Incidental white matter hyperintensities on magnetic resonance imaging in hiv-1 infection

Justin C. McArthur*, Ashok J. Kumar, David W. Johnson, Ola A. Seines, James T. Becker, Charles Herman, Bruce A. Cohen, Alfred Saah, Danna Starkey, Tish Nance-Sproson, Kathy Sheridan, Eric Miller, Paul Satz, Barbara Visscher, Sue Bass

*Corresponding author for this work

Research output: Contribution to journalArticlepeer-review

56 Scopus citations

Abstract

Magnetic resonance (MR) scans were performed as part of a prospective neuropsychological study within the Multicenter AIDS Cohort Study. Fifty HIV-1-seronegative men, 85 HIV-1-seropositive men without constitutional symptoms, and 14 with symptomatic HIV disease underwent MR imaging using a uniform protocol. Scans were rated by neuroradiologists blinded to all clinical details except age. The majority of MR scans were normal in all of the clinical groups and no covert mass lesions or diffuse white matter abnormalities were identified. Focal hyperintensities in the white matter were observed in 24% of the HIV-1 seronegatives, 26% of HIV-1 asymptomatic séropositives (CDC II/III), and 17% of those with ARC/AIDS. No significant associations were noted between the white matter hyperintensities and HIV-1 serostatus, neurological abnormalities, CD4 count, alcohol or drug use, hypertension, or smoking. In one individual classified with early HIV-1 dementia, MR demonstrated several hyperintensities in the deep parietal white matter, but at autopsy no microscopic abnormalities corresponding to the MR findings were identified. Our studies imply that focal white matter hyperintensities identified on MR are not specific for HIV-1 infection and are probably incidental and of no clinical significance.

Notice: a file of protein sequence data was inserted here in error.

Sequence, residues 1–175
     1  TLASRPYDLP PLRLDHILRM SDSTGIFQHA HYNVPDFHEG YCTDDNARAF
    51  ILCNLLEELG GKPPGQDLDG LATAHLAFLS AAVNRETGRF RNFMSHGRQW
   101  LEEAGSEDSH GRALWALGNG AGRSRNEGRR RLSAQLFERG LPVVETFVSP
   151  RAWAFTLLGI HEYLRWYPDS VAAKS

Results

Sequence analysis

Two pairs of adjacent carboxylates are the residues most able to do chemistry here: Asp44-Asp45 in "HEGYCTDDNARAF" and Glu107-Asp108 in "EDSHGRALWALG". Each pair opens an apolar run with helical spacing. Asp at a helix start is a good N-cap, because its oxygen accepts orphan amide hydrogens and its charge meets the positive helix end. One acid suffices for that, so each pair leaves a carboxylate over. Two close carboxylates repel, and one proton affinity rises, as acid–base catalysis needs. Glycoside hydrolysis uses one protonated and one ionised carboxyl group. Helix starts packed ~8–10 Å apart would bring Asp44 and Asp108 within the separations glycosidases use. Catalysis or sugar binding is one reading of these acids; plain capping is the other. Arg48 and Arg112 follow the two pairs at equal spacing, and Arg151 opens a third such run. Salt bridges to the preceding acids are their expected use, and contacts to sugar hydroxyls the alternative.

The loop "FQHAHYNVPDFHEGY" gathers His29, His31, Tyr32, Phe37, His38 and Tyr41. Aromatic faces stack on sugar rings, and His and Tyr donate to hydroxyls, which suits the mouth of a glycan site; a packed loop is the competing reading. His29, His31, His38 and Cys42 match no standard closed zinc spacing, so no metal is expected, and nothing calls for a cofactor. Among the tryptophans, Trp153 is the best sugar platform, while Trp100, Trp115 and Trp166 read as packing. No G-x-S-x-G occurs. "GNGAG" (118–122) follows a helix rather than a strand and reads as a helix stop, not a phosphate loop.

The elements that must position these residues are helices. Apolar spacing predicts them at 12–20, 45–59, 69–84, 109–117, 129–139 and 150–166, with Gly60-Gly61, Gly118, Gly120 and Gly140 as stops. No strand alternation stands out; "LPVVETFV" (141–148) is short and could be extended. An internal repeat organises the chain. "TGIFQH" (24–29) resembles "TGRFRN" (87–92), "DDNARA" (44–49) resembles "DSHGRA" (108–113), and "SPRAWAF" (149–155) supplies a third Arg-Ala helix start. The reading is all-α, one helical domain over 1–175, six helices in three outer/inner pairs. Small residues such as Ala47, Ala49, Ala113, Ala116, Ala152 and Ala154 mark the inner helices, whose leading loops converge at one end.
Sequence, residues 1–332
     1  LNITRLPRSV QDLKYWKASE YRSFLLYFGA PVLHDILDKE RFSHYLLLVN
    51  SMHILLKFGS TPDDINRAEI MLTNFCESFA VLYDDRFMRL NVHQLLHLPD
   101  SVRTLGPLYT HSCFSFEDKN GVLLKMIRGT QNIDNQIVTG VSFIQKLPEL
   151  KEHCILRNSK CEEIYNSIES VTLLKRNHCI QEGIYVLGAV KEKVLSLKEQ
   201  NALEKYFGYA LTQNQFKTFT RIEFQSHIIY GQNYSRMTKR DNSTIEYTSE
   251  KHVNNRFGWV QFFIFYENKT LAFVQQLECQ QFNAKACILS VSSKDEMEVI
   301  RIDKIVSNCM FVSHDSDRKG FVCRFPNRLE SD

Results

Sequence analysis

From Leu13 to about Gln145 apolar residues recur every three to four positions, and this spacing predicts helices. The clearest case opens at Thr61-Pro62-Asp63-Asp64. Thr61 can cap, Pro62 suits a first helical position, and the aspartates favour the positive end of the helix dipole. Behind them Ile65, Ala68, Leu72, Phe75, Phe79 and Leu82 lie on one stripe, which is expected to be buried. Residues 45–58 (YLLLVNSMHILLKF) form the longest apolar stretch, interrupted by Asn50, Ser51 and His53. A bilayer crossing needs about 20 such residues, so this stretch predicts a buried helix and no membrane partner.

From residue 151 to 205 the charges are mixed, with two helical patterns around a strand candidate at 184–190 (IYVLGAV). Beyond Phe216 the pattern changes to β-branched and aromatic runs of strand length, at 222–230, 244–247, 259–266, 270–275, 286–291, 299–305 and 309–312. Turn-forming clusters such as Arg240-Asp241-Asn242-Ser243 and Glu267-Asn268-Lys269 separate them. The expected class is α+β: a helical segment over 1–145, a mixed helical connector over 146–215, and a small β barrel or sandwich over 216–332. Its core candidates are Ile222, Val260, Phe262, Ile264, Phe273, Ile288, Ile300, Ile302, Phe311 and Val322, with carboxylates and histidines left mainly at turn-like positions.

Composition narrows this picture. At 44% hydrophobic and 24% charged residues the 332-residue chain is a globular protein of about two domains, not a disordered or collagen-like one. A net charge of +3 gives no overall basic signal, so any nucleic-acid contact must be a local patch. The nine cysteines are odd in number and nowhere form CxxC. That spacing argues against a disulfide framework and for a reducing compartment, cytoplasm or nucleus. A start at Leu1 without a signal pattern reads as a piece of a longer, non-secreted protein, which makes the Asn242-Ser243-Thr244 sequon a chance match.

Original languageEnglish (US)
Pages (from-to)252-259
Number of pages8
JournalJournal of Acquired Immune Deficiency Syndromes
Volume3
Issue number3
StatePublished - Mar 1990

Keywords

  • Alcohol
  • Drug abuse
  • HIV-1 infection
  • Hypertension
  • Magnetic resonance imaging
  • Neuropsychology

ASJC Scopus subject areas

  • Infectious Diseases
  • Pharmacology (medical)

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